Welcome to SHIFT Basics, a collection of tips, explainers, guides, and advice to keep you up to speed with mobility tech.
I’ve been watching a lot of electric vehicle restomod videos on YouTube lately. There’s something quite cathartic about watching a rusted old heap transform into a zero emission beauty.
The principles behind electric restomods are simple: take an old car, restore it aesthetically, remove the old engine, fabricate some custom mounts, and throw in an electric motor and some batteries.
In reality, it’s never that simple. There are quite a few more vital components that need to be installed. One that gets mentioned a fair bit, is the battery management system (BMS). But what is it, and what does it do?
It’s all about safety
Its name is kind of self explanatory… the battery management system manages your EV’s high-voltage battery — the big block that makes it ‘go’ — but there’s actually a lot more to it than that.
The reason why many are baffled by battery management systems (BMS) is because it’s basically new tech. There’s not really an equivalent in earth-killing gas cars, but we could say it’s like the ECU. Overseeing what the car is doing, watching out for component failures, and relaying information about fuel economy back to the driver.
In essence though, the BMS in an EV is a critical safety feature.
In hardware terms, the BMS is a collection of purpose built circuit boards and processors that compute input from the battery, and provide an output that either tells the driver something, or tells another part of the car to do something.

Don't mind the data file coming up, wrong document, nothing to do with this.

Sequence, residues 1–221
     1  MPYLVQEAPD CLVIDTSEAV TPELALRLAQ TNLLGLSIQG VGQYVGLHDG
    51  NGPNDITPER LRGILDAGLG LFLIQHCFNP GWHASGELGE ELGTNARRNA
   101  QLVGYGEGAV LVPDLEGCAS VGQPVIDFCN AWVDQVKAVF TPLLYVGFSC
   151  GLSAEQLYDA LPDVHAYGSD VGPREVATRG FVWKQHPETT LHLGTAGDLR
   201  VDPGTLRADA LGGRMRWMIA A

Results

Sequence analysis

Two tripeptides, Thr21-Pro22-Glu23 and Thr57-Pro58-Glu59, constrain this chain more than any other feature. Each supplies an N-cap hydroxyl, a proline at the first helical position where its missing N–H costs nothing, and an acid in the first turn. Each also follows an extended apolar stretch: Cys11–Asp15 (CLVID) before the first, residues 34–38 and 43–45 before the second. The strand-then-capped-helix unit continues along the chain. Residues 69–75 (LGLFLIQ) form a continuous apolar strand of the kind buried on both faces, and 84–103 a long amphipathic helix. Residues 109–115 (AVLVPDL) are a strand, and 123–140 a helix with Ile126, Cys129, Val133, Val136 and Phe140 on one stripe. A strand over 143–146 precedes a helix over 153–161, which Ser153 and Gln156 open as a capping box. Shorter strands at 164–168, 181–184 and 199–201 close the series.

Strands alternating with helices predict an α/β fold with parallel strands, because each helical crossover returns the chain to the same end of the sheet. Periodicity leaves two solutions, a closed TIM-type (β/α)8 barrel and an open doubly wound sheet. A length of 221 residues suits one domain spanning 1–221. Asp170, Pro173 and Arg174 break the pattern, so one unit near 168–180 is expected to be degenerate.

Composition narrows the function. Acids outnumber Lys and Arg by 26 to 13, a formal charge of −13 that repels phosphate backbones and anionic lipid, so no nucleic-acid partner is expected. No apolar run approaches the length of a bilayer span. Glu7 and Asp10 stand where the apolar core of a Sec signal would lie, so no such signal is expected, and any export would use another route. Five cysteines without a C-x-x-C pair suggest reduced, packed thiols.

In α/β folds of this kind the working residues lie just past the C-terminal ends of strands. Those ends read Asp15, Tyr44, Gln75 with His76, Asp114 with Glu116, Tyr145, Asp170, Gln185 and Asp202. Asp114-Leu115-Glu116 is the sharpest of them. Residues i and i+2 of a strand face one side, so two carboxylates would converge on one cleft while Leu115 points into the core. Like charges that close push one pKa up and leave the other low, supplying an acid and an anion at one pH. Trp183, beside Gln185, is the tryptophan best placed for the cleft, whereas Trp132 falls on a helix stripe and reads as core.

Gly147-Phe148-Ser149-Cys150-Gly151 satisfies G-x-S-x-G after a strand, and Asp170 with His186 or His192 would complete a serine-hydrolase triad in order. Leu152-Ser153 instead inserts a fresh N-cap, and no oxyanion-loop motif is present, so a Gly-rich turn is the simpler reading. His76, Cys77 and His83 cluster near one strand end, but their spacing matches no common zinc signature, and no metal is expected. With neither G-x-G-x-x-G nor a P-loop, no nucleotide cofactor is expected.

It’s there to keep a watchful eye over what your EV’s battery is doing, how it’s feeling, and y’know just generally relaying its vibe.
Seriously though, high-voltage EV batteries are dangerous bits of kit when they don’t operate within set parameters. If batteries aren’t looked after, they could catch fire, overheat, or become unusable — so the BMS makes you and the EV less dead.
What’s it doing?
For a BMS to work effectively it needs data; it needs to know what’s happening in the battery constantly.
A BMS will take regular readings of temperature, voltage, current, and even coolant flow, so that it can make sure the power pack is operating safely. It will also calculate the battery’s charge level, and relay that to the driver, so they know their range.
When it comes to voltage, the BMS doesn’t just monitor the overall voltage of the battery. It can monitor individual cells and packs. If a cell fails, the BMS will be able to identify it, and stop using it to ensure it doesn’t become a hazard.
The BMS will also monitor the flow of electricity in and out of the battery. For example, when fast-charging, the BMS will ensure the battery is receiving the correct amount of volts to charge as fast as possible without damaging the individual cells.
One of the most important things that a BMS does is monitor the battery’s thermal state. To do this, the BMS continually reads the battery’s overall average temperature, coolant temperatures, and even the temperatures of individual cells.
Lithium-ion cells used in EV batteries last longest and charge best when kept within predetermined temperature limits.
It’s the BMS’ job to continually monitor the battery, and step in if it’s getting too hot. In EVs with active cooling, the BMS can trigger battery cooling systems to ensure its safe operation.
On hot days, when fast-charging, it’s quite common to hear an EV’s cooling system kick into action to keep the batteries at a safe temperature.
It’s a brain
Whilst the battery management system is primarily concerned with monitoring an EV’s battery, it does so much more than that.
It interacts with a host of other important components such as the internal charging controller, the motors, and external chargers, too.
In all these cases the BMS checks in with battery, to make sure it’s operating as it should, before communicating with the other components to tell them it’s ok to draw power.
Without a BMS, batteries would be unsafe, wouldn’t last very long, and EVs just wouldn’t work. Spare it a thought sometime.